That’s when Blane stood up, said he smelled a rat, and asked if the council had it in writing from the DEM that would assure the island could send its schedule in later than usual. Gaffett said that the town had received assurance from the highest ranking officials at the DEM that it could do so.
“I don’t see why it would be a problem to schedule the dates now and then reschedule,” asked Councilor Gary Ryan.
“It’s very hard to change the dates,” said Gaffett.
Blane suggested splitting the season. Islander Cathy Payne raised her hand and said “I’m embarrassed that you’re not listening to the hunters! The local hunters won’t deal with you!” She then pointed out councilor Norris Pike and said, “Norris, you don’t understand! You sold all your land and you don’t understand!”
The normally reserved and courteous Pike said, “So did you, so shut up.”
When Gaffett recommended setting the dates for the pheasant season, which was a total of seven days from November through January, Blane made the unusual move to ask to reduce the number of days because the pheasant population seemed “dramatically” low. The council unanimously voted to schedule just three days, Nov. 26 and Dec. 17 and Dec. 26 for pheasant hunting.
It was Lacoste who recommended establishing the first half of the hunting season, and after taking a brief break to see what dates were available, the council voted 3 to 2 to set the following dates for firearm hunting for 2014 only:
Nov. 3 – 7; Nov. 12 – 14; Nov. 17 – 21; and Nov. 24 and 25. Dec. 1 – 5; Dec. 8 – 12; Dec. 15 – 16; Dec. 18 – 19.
The language of the “Collector’s Permit” bill that was before the Town Council on Wednesday was as follows: “This bill would allow the Department of Environmental Management to issue a collector’s permit to an expanded scientific and biological field of study in management of wildlife populations and in that effort the potential legal use of firearm suppressors to maximize effectiveness in specimen harvest. This modification is intended to allow for an extremely narrow authorization for efficiency of directed and discrete management strategies in control of wildlife that have impacted the balance of values inherent to healthy ecosystems or nuisance damages.”
After this language was read, Second Warden Lacoste said, “This bill is something we need to support.” And Councilor Pike said, “It seems to be exactly what we need.”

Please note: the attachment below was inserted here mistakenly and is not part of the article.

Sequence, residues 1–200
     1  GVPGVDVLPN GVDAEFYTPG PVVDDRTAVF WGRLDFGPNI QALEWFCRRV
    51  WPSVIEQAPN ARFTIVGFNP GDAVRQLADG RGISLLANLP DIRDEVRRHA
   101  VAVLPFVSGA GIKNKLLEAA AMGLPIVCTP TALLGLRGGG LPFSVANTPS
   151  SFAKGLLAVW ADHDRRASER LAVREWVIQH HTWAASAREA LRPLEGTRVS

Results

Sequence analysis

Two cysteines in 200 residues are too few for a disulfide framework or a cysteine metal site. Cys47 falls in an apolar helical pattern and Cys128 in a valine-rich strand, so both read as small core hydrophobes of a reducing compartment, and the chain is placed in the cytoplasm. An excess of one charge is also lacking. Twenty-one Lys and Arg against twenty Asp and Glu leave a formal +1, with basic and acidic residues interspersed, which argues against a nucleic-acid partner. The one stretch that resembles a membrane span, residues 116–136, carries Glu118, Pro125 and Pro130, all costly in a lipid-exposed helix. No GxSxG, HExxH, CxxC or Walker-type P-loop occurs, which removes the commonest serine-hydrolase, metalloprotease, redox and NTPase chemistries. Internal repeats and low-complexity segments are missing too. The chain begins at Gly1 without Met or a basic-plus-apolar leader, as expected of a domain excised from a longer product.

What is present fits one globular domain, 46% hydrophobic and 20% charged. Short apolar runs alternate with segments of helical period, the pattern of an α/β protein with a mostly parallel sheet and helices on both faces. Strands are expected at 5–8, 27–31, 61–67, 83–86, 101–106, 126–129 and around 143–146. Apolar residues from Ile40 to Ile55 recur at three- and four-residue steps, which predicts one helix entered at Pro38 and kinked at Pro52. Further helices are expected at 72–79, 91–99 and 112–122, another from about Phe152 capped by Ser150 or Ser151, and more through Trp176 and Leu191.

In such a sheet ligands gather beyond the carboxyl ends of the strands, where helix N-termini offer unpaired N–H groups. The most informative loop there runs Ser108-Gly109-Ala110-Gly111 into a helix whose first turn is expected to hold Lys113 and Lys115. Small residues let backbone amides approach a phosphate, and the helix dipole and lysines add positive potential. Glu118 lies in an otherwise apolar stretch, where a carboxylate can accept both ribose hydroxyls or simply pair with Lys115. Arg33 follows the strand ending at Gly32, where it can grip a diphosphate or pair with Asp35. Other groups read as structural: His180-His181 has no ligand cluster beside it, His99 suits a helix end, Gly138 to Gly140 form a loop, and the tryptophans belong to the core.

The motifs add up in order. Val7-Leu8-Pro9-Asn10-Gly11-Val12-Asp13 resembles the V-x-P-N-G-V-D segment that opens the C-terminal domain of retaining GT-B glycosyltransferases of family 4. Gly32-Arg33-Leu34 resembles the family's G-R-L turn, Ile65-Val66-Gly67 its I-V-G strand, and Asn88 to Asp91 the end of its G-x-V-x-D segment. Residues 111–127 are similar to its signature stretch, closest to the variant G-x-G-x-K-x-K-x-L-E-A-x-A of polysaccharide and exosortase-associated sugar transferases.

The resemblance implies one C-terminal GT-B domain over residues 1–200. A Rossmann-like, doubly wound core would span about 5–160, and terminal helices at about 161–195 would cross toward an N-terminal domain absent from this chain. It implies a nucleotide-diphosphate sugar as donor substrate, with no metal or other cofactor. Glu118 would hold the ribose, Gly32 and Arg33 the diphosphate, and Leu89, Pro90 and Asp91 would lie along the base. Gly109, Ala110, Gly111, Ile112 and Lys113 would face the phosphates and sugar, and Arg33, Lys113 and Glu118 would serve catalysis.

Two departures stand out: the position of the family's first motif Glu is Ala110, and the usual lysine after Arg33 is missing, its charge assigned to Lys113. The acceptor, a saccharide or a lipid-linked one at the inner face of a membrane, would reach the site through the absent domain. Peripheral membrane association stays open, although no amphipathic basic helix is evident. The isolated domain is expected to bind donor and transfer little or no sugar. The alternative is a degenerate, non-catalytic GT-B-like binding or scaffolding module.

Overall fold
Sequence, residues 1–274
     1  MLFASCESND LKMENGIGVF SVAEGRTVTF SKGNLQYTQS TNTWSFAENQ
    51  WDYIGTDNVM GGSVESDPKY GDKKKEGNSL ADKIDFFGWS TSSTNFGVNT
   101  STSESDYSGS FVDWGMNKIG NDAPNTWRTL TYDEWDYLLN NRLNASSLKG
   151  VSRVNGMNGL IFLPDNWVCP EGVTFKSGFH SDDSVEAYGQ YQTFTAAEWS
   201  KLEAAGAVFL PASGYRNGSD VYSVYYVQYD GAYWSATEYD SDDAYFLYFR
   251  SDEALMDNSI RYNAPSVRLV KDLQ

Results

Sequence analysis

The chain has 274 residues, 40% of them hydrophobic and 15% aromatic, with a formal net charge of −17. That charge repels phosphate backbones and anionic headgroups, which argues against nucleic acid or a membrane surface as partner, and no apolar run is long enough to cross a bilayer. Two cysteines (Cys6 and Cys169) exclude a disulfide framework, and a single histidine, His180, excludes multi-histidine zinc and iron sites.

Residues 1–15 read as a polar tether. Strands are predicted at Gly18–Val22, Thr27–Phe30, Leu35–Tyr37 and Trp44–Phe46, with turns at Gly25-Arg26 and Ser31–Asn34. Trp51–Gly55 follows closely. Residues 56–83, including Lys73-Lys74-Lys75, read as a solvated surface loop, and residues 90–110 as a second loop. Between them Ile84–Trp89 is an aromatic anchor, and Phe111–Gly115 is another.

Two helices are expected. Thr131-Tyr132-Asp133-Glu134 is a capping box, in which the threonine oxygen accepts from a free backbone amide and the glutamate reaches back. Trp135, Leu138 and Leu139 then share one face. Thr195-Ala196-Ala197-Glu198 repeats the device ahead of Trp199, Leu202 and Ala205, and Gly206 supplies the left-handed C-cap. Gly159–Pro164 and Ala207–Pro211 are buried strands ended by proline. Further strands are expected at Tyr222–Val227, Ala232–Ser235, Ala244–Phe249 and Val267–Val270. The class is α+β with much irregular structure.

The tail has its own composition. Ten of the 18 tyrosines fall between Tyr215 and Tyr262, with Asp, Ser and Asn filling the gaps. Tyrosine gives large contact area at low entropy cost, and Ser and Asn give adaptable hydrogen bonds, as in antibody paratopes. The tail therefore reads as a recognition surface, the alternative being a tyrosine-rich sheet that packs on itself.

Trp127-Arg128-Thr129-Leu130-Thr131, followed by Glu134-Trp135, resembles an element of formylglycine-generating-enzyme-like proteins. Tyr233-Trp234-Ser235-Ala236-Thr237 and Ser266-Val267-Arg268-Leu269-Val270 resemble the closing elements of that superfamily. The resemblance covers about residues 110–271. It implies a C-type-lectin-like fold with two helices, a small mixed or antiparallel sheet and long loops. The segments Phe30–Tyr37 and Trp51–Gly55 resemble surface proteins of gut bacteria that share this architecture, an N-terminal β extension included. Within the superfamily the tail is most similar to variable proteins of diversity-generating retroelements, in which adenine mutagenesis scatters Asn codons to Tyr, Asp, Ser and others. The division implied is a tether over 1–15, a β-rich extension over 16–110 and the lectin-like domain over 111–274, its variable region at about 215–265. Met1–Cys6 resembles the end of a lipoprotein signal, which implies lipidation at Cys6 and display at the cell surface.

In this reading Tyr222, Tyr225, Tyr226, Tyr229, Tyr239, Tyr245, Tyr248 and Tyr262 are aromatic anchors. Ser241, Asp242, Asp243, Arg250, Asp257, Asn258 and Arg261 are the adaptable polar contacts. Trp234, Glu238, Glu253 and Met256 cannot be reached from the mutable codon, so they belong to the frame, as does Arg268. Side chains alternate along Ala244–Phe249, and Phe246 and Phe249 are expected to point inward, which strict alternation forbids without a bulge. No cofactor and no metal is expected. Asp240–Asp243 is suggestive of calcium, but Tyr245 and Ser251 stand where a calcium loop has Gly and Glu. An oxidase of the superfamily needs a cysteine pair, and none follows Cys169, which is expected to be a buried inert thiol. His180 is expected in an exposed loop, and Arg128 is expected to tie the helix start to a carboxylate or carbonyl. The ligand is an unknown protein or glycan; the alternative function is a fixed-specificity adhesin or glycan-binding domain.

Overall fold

Gaffett made a motion to ask State Rep. Donna Walsh and State Sen. Susan Sosnowski “to support and if need be to sponsor the bill.”
When Councilor Chris Warfel asked if the bill, as written, allowed the state to override any decision the town may make, and Town Solicitor Kathy Merolla said, “No, no.”
The council voted 4 to 1 to approve support for the bill.
West Beach Sand Trail
After a brief slide show from Committe for the Great Salt Pond President Sven Risom and member Kevin Hoyt that detailed the rich recreational, ecological and economic benefits that the Great Salt Pond brings to Block Island, the council voted, in essence, not to support the rebuilding of an access road to Beane Point.
The old road sits on the outer northwest-western edge of the GSP, and Risom pointed out that there was been a great deal of damage done to the area due to several storms in the past few years. Fish & Wildlife is seeking public input on a variety of options — everything from doing nothing to restoring the roadway — and the council decided that building a road, which would bring vehicle and foot traffic, might be too much for the fragile area.
“We do not support in any way the use of vehicles out there,” said Gaffett. “We need to stabilize what’s there. We need to protect the ecosystem.”
In the end, ther council voted to draft language that included not only what they would not like to see happen in that area, but also to include what they would like to occur.